The purpose of this volume is to explore theory, problem formulation, and methodology in qexperiencing the environment. q In this embryonic field, the writings of a number of individuals already stand out as representative of dis tinctive viewpoints. In order to facilitate further development of the field, a conference! was proposed to gather in one place representatives of a number of major viewpoints with regard to the embryonic field of qenvironmental psychology. q It was hoped that a colloquy among such representatives would facilitate a clarification of the similarities and differences between the various perspectives, and might enable proponents of any given point of view to benefit from the insights of others with different orientations. Hopefully, it might also promote a greater articulation for this emerging field of inquiry. With these ends in mind, the sponsors of the conference asked the various prospective participants to present their theoretical positions and representative research illustrative of those positions. Some of the perspectives represented at the conference emphasized the point that the construal of phenomena depends heavily on the values and needs of perceivers. Implicit in this kind of position is the thesis that anyone who seeks to describe a complex happening is likely to shape it in terms of presup positions, biases, etc. , that may not be shared by others.Adjusting standards of admission Example: A National Park whose wilderness areas are heavily visited might begin to ... The list and examples have been drawn from our casual observation of service behavior settings, introductions to queuing theory (Cox and Smith, ... 4. Varying assignments of nonservice tasks to staff Example: Lifeguards FRONA CHURCH TO LABORATORY TO NATIONAL PARK 181.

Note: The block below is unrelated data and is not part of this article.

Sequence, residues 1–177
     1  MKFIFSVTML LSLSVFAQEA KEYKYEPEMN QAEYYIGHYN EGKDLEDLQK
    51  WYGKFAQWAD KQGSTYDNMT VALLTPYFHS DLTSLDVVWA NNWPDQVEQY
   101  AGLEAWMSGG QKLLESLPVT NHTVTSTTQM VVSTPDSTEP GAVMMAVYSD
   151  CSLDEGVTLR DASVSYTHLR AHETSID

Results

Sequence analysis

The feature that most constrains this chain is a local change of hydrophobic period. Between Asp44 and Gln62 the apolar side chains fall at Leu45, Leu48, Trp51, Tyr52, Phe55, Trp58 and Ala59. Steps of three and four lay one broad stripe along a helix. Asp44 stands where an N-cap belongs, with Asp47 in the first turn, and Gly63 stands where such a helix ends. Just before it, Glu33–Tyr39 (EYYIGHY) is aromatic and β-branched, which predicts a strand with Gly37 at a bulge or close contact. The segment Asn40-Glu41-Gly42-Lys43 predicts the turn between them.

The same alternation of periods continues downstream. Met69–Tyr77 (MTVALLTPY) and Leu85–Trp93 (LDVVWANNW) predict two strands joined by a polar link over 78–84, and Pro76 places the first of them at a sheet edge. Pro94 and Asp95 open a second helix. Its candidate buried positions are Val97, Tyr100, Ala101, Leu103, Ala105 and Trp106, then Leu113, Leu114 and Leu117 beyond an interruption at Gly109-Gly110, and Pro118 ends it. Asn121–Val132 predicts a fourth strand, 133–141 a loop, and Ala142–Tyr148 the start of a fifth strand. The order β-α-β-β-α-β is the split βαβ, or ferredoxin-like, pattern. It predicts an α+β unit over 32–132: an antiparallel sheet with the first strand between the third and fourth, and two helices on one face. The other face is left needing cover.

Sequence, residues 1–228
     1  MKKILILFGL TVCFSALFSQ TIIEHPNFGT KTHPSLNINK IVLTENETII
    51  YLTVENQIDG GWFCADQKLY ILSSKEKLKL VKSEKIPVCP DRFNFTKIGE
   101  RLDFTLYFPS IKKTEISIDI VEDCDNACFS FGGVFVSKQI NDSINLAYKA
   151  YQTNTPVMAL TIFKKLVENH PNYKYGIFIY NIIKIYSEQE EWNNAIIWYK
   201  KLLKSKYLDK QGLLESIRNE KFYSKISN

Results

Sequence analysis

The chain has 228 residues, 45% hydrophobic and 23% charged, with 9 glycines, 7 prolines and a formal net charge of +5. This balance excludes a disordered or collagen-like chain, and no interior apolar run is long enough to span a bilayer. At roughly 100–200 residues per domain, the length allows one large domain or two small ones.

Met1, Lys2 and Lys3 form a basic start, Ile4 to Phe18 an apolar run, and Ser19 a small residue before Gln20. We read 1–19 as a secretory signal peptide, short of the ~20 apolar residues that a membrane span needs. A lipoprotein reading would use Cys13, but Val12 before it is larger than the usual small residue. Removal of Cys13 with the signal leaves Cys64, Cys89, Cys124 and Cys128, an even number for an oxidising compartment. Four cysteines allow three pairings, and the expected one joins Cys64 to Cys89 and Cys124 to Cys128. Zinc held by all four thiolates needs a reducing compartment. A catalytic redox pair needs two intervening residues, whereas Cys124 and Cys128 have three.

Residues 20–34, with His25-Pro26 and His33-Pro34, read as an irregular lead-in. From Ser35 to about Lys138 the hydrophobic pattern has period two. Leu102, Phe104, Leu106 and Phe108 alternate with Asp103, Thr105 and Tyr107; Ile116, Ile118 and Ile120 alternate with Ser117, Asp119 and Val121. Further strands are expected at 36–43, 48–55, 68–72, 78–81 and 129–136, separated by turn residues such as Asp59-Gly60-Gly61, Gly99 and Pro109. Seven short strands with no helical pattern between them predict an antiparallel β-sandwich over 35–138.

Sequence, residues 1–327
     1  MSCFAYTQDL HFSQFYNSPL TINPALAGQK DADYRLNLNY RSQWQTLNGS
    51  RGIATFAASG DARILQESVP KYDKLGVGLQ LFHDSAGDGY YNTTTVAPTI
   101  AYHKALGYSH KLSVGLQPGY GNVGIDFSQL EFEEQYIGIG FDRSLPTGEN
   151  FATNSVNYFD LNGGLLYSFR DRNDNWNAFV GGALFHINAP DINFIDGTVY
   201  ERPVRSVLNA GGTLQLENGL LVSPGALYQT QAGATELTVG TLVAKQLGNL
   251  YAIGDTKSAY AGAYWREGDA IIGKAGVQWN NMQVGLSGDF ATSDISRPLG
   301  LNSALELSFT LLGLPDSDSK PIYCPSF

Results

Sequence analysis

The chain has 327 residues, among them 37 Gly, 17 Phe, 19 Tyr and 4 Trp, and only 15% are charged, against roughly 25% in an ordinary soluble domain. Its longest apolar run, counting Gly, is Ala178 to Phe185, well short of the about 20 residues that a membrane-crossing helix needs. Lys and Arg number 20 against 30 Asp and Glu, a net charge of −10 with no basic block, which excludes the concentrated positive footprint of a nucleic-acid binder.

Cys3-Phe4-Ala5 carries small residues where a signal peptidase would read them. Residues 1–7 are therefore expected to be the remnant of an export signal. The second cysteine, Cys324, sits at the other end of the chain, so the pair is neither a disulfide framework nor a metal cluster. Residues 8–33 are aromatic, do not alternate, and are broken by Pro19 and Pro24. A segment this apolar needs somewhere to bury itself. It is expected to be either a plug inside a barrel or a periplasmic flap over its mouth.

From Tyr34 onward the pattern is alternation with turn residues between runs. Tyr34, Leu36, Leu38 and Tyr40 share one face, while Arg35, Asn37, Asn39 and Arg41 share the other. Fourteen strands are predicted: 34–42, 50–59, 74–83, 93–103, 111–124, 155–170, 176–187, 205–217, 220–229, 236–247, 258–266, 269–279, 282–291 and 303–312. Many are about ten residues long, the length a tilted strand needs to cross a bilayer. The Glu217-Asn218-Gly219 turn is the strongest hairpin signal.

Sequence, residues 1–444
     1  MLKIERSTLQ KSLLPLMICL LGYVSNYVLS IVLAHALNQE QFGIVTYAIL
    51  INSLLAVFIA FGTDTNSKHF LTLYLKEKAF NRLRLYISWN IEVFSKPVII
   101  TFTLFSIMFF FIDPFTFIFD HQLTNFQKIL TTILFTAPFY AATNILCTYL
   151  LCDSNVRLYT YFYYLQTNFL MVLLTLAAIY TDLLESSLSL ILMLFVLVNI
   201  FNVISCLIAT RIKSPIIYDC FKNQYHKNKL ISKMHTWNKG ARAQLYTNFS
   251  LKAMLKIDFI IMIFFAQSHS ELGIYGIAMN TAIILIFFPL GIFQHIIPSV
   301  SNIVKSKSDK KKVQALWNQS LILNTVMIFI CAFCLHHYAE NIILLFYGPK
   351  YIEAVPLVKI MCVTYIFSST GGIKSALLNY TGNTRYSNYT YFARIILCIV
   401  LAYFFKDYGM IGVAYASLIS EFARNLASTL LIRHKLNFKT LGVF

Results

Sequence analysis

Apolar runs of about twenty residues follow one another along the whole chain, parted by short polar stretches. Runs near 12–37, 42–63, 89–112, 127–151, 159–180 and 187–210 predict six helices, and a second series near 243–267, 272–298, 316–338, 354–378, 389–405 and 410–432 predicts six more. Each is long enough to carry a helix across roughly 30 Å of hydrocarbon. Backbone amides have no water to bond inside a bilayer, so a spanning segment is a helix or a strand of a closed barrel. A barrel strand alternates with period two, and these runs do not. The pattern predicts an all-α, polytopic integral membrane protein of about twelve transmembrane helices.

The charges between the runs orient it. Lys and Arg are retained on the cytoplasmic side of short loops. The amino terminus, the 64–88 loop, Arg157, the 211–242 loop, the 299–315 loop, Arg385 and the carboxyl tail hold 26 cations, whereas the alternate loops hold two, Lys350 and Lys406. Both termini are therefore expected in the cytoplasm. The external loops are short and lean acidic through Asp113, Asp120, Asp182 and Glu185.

|Title||:||Experiencing the Environment|
|Publisher||:||Springer Science & Business Media - 2012-12-06|